Today I walked a 5K’s worth, not for charity, but to catch a bus to Boston. I left Park Slope at 8:16 am, stopped for coffee and chocolate banana bread, walked straight west on Flatbush across the Manhattan bridge, and arrived at Fung Wah on Canal at 9:40 am. Give or take, it took an hour which is significantly less time than it probably would have taken with public transit.
A time-saving measure turned into a tourist venture. Though I was on a time crunch to catch my bus, I couldn’t help but stop and snap pictures along the way. On this clear autumn day, the city didn’t look like the victim of a storm (albeit a few fallen tree branches here and there). For at least a few minutes, the scenery stood unscathed. It was November 2, and everything just was. Police yelling, long lines wrapped around Barclays Center, silence at the Manhattan bridge..
At some point, observation takes a deeper form and thought closes the gaps. The Manhattan bridge silence becomes odd when you realize –close gap– the rickety trains crossing its tracks are missing and out of service. Bus benches, typically sparse, look different because –close gap– lines are now wrapped around the street with people anxiously trying to get into the city. Honking, yelling, blowing leaves – all the usual sounds come fluttering back into consciousness. Yet the slightly different context alters their effect entirely.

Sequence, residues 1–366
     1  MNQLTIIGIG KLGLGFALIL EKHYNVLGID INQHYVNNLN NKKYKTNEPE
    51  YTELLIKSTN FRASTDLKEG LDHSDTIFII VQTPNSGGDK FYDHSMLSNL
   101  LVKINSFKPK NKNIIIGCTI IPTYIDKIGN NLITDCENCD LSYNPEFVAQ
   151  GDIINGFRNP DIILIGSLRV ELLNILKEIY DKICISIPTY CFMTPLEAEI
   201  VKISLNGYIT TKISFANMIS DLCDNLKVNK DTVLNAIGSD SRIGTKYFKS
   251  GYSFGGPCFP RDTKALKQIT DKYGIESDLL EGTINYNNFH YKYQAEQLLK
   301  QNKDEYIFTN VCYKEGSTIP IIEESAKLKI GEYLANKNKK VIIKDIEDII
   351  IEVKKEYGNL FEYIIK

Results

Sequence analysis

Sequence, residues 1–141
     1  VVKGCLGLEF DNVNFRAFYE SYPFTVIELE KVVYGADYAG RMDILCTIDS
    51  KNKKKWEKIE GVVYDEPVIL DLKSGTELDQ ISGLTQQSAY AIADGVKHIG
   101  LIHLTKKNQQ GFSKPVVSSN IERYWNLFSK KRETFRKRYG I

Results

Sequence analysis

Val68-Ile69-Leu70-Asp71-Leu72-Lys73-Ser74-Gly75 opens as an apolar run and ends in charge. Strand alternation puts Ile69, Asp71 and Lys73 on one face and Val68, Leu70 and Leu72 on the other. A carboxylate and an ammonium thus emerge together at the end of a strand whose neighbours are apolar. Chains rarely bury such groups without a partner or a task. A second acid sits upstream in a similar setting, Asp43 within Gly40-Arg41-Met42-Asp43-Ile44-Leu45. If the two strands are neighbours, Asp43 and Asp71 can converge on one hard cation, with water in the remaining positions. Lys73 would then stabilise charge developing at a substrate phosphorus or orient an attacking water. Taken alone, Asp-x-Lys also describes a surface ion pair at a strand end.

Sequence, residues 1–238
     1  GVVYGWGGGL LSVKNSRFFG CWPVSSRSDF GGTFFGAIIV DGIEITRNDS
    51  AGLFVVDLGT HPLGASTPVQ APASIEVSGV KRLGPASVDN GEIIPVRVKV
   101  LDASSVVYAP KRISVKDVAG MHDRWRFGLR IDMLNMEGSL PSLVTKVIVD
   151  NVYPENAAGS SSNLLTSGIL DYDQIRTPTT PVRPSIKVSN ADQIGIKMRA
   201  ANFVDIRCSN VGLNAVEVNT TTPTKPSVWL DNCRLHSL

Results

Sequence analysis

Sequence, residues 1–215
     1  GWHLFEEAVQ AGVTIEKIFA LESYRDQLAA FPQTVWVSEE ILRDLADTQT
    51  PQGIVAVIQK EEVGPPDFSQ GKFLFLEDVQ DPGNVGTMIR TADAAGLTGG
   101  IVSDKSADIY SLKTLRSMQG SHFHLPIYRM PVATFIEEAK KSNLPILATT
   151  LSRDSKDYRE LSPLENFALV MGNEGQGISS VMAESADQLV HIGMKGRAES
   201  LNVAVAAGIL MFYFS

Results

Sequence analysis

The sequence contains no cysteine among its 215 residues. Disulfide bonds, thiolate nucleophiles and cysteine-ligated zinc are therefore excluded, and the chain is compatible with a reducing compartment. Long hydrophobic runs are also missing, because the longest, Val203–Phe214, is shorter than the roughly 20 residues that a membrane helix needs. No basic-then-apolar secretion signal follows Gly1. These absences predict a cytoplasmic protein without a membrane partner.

I arrived in Chinatown eager for another cup of coffee. Then I remembered that downtown Manhattan was still without power. With shops closed, including the sketchy Dunkin Donuts I would normally go to as a last resort, even the last resort was not an option.
With time to spare, I asked for the key to the Fung Wah restroom. The attendant warned, “There is no light. Be careful. Don’t fall down the stairs.” Using the flashlight app I had downloaded several days ago in preparation for Sandy, I descended down the staircase. I wasn’t so much afraid of the dark, just more so of the rats lingering where I could not see.
Now I’m in Boston. For all intents and purposes, today was abnormal. Then again, who am I to judge?